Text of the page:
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To talk with Johnathan Hanh Nguyen in his office and its adjacent project and display room is to have an encounter with Vietnam’s modern history.
Yesterday at company headquarters in central Ho Chi Minh City the Founder & Chairman of IPP Group granted me the first interview he has ever conducted with a foreign journalist during an extraordinary 37-year journey. I say journey rather than career for that is indeed what those years have embraced.
Besides his leadership of one of Vietnam’s most powerful companies, Nguyen is also Chairman of Southern Airports Services Joint Stock Company (SASCO) and Chairman of Cam Ranh International Airport Company (CRTC). He is equally renowned for his philanthropy and wider CSR contributions to Vietnamese society.
As he showed me around the scores of photos that adorn the walls of the room where we had chatted for the previous 75 minutes, Nguyen’s eyes lit up as he singled out one in particular. Dated 9 September 1985, it shows a Vietnam Airlines Boeing 707 aircraft that flew that day from Ho Chi Minh City to Manila, marking the inaugural flight between the two countries and the carrier’s first-ever flight to a non-socialist country.
It was a flight of critical importance. It is no overstatement to describe it as the moment Vietnam, war-torn for two decades until the mid-1970s and then shackled by the US embargo from 1975 (which would not be lifted until February 1994), began to open to the world. The following year, 1986, the government would introduce the ‘Đổi Mới’ programme of economic and political reforms which would steer the country towards a ‘socialist-oriented market economy’.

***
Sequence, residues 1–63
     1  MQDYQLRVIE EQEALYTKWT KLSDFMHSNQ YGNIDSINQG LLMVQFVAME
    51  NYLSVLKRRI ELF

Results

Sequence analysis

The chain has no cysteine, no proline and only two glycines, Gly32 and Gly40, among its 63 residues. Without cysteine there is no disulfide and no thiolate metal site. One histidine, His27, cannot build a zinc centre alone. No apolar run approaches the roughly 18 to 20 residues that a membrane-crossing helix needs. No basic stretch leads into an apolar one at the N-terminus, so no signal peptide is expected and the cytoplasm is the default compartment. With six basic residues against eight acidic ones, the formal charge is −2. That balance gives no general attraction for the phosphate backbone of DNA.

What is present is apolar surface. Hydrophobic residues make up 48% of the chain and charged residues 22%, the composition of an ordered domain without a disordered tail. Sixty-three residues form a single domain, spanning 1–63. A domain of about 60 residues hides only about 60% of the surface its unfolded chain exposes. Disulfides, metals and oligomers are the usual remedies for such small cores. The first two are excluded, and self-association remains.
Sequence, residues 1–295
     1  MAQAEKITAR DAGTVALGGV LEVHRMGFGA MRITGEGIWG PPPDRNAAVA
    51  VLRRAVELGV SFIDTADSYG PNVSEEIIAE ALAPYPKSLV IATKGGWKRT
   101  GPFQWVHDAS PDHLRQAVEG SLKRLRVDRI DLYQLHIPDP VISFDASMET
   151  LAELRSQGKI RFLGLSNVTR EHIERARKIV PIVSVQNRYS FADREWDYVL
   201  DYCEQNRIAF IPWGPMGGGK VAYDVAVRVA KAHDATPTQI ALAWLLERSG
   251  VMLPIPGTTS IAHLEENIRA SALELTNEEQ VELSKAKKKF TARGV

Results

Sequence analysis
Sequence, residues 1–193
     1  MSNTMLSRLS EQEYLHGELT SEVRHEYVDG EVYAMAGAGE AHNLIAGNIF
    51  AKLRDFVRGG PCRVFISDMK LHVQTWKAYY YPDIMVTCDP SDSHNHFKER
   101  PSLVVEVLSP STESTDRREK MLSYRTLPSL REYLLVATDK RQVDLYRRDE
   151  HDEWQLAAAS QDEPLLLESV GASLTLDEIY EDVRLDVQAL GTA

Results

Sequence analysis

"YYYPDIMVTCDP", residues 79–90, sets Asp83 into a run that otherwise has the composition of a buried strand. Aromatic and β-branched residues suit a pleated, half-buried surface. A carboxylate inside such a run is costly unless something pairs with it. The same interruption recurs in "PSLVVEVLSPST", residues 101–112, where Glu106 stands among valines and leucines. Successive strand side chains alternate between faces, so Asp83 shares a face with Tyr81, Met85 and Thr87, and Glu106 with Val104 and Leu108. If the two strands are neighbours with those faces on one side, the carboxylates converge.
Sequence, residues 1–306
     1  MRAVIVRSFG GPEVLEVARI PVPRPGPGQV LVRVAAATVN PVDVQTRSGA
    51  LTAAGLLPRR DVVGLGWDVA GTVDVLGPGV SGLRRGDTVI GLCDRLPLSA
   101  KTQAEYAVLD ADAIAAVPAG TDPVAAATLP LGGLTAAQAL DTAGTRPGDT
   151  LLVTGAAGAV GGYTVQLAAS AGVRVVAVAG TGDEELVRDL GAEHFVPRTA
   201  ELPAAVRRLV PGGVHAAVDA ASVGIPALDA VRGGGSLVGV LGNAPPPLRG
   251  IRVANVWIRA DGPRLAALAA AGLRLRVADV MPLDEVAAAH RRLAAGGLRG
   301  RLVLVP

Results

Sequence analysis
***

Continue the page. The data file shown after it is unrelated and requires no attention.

That flight would never have happened without Johnathan Nguyen. In 1984, based in the US where he was working for Boeing, he took his wife and two children to his birthplace of Nha Trang. Later he visited Hanoi at the invitation of the Government Office where he was met by Vietnam’s Prime Minister Phạm Văn Đồng.
During that landmark meeting, the PM asked Nguyen to help open a flight route to the Philippines, seen as a crucial economic lifeline in terms of bringing in much-needed supplies to the poverty-stricken country. The only other flights at the term were to Moscow and Bangkok.
On the evening of 4 September 1985, Nguyen secured a meeting with Ferdinand Marcos at the Presidential Palace, hoping to get the President’s signature. His heart was thumping as the country’s leader looked over the relevant document from the Philippine Foreign Affairs Department. And then he signed it. When Nguyen returned to the Vietnam embassy in Manila the senior official hugged him and said, “Hahn, you are a hero of our country.” Both men cried with the emotion and the sheer significance of the moment. In Hanoi there was euphoria and relief.
Five days later the inaugural flight landed in Manila. When Nguyen saw the red Vietnamese flag with its yellow star fluttering in the wind as part of the official greeting he was overcome with emotion. “I was shaking in my heart,” he recalled.
In my interview (to be published next month) you will read how that ‘mission accomplished’ turned out to be just the start of a remarkable contribution to Vietnamese society. As we talked, files for no fewer than 45 live projects involving a collective US$120 billion worth of investment filled the long boardroom-style table at which we were sitting.
One of those is IPP Air Cargo, a newly created airline that is expected to make its first flight this September, and which will serve not only the country’s six international airports but also another six domestic ones.
It will be Vietnam’s first cargo airline and the first carrier of any kind to serve those domestic airports. It will have a transformative effect on the country’s supply chain, overseas and domestic investment and employment, and economic recovery from the pandemic. Johnathan Hanh Nguyen, the man who played such an unforgettable role in the opening of Vietnam is now providing crucial inspiration and leadership in its post-COVID reopening.